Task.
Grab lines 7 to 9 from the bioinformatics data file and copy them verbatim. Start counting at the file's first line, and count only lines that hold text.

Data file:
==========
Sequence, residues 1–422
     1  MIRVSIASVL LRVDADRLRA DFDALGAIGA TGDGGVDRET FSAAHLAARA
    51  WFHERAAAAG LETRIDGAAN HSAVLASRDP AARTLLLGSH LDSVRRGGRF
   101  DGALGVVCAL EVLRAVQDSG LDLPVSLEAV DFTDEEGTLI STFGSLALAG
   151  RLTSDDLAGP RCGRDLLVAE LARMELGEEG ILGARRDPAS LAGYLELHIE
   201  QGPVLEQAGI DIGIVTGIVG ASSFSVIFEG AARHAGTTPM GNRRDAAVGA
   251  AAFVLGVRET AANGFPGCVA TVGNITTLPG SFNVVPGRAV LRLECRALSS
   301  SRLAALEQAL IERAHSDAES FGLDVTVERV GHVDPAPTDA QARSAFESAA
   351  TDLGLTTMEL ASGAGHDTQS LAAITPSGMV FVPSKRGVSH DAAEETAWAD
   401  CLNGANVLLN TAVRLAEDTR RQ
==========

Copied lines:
   251  AAFVLGVRET AANGFPGCVA TVGNITTLPG SFNVVPGRAV LRLECRALSS
   301  SRLAALEQAL IERAHSDAES FGLDVTVERV GHVDPAPTDA QARSAFESAA
   351  TDLGLTTMEL ASGAGHDTQS LAAITPSGMV FVPSKRGVSH DAAEETAWAD